“Implementing a service project in their clinical areas and this is the most important element of the programme as they don’t realise that they can come up with these ideas and implement from start to finish to make improvements in their work area. This is what gives the learners the confidence boost they need for their personal development” – Cess Quiambao, Head of Apprenticeships

Takeaway tips

  1. Understand what is already available within your organisation to support HCSW education and training.
  2. Establish who you need to partner with and which providers you can source in your locality in order to deliver the HDA programme.
  3. Ensure you have a dedicated project coordinator and informative communications to share across your organisation to engage HCSW and their managers.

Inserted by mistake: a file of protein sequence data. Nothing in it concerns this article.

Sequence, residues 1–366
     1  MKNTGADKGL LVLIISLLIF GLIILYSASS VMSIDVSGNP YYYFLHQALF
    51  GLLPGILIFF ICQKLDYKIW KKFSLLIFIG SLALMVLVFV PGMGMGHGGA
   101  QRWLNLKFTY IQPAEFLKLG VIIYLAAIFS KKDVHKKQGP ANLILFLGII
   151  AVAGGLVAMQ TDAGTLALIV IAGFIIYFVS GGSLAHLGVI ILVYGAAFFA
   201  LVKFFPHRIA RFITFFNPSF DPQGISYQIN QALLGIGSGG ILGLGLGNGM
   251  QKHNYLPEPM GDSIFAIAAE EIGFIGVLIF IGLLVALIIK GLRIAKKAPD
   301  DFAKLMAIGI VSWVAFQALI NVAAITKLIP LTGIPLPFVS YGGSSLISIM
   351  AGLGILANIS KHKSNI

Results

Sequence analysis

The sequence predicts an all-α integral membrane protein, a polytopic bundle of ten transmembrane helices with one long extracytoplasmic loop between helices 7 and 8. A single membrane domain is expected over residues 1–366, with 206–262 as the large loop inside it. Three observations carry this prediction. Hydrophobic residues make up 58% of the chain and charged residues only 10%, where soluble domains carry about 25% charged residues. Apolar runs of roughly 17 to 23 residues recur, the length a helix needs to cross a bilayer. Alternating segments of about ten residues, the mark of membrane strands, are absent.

4. Support your support workers with the time to fulfil the course by ensuring line managers know the value of the HDA qualification. Pre planning of the curriculum, study days,  assignment due in dates really help with time management and support for managers and learners.

Find out more about this work on the Higher Development Award website.

If you would like to explore options in offering the programme within your organisation, please contact the Talent for Care team.

Read more about supporting and upskilling HCSWs using the healthcare support worker learning and development roadmap.